Fields of Freedom


Tiny battered Trabant cars were abandoned in the trees and on the side of the road. Their owners had left them forever to go off and find a new life. The tears of joy shed that day marked the end of the old Europe and the start of a new era. It was at 3.20pm, August 17 1989, that hundreds of East Germans left the Pan-European picnic near Sopron in Western Hungary and crossed the border into Austria. They were exuberant and felt they were free at last. It was a prophetic moment and a defining one in modern history.

My guide remembers a time when you needed special permits to go to Sopron and movements were restricted. He was a teenager then. It was a time when everyone was constantly watched by vigilant and suspicious armed guards. The day of the picnic is engrained in his memory. Much of the rest of Europe has forgotten.

Each August they play Ode to Joy from Beethoven’s ninth symphony for the ensembled tourists in the field to mark the day. There could be no more apt choice seen as it is the EU anthem and Hungary has just joined.

Hungary has played such a pivotal role in modern European history that we oft forget. Those events in a field just next to the Austrian border marked the beginning of the end of Communism in Europe. The Hungarians were brave enough to take the first step and become no longer just a colony of Communist Russia. The Iron Curtain was dismantled with the Berlin Wall collapse a couple of months later.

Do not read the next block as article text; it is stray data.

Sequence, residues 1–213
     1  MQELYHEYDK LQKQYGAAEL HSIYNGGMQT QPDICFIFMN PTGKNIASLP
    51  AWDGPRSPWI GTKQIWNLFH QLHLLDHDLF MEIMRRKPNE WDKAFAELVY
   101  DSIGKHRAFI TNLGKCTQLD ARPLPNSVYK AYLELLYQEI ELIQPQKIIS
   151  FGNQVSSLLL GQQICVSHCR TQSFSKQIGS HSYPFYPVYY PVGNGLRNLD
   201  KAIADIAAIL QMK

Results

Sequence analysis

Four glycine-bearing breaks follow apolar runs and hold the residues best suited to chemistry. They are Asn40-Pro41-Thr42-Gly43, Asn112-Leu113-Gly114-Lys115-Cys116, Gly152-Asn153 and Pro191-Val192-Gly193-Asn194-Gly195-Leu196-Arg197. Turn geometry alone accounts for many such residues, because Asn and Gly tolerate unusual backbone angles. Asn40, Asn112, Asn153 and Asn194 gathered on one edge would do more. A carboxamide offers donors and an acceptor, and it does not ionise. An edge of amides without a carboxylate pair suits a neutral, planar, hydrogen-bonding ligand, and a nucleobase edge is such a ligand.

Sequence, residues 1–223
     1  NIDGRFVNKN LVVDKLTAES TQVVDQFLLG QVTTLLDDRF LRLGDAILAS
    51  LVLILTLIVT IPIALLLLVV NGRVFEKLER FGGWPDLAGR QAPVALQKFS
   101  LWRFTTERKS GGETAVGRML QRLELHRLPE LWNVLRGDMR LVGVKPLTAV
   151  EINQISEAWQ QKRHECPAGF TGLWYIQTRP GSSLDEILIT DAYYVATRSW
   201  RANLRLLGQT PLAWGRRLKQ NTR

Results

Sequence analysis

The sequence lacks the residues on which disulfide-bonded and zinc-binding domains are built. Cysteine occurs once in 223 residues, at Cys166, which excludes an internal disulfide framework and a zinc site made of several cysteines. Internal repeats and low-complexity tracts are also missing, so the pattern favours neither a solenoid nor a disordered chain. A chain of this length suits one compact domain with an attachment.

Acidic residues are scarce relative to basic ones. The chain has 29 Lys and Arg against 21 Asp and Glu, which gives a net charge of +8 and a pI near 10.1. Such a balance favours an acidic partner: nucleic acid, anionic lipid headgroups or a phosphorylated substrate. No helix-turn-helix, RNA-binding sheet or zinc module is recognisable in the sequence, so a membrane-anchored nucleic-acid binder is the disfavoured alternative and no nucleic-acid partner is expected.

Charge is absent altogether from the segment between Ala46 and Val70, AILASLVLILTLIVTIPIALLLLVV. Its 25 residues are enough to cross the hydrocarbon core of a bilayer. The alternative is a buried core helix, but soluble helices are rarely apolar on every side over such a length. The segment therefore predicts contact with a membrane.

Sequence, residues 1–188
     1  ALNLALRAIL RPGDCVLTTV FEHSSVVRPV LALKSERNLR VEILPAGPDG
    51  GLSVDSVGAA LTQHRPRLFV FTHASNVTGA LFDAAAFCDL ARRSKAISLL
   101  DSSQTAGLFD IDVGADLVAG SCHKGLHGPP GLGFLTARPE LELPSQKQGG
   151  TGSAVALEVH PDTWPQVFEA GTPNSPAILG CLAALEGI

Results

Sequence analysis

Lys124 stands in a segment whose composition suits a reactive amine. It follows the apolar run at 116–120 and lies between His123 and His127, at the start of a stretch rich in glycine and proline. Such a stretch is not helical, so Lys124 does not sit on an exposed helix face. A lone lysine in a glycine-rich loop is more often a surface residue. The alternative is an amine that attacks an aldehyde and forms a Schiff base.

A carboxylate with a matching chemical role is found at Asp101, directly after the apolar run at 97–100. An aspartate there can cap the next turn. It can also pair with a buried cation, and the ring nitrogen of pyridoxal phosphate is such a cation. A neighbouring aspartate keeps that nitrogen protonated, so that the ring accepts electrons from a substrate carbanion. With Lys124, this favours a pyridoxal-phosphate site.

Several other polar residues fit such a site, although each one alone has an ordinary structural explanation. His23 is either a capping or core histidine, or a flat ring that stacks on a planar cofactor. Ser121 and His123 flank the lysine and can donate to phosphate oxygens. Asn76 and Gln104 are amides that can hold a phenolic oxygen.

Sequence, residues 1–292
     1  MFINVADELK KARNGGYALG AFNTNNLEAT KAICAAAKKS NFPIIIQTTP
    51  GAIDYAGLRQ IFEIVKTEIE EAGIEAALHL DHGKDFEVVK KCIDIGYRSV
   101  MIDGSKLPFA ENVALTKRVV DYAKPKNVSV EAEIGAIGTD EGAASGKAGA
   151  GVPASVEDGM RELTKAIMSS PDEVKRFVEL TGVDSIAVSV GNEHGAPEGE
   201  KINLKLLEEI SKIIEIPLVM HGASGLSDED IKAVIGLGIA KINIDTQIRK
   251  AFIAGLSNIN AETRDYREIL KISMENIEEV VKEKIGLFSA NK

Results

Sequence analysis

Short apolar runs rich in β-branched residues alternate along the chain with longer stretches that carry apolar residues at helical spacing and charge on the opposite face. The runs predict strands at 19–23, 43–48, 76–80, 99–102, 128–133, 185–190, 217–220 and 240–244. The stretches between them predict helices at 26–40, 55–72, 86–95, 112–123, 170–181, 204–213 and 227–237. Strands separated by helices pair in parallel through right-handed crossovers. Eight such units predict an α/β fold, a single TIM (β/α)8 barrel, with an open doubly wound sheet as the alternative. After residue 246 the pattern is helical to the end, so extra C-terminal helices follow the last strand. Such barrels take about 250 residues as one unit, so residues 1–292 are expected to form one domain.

It is just an empty field that marks the spot. Its emptiness seems more poignant. There is a line of some faded black and white photos taken on the day of faces filled with elation. The border that was iron is now used as a path by local cyclists. Austrian border guards languish in the sun with nothing to do. The decaying watchtower in the distance is a chilling reminder.

All has changed in Hungary since then and it is much easier to travel about. Budapest has justifiably become one of the most popular European city destinations, but not much is known about Hungary outside the environs of the capital. Western Transdanubania is not instantly recognizable as a tourist destination. More often than not it is confused with Transylvania of the vampires. It used to be one of the most inaccessible and undiscovered corners of the country. Now the border between Hungary and Austria is now just a formality and a relic of the old regime.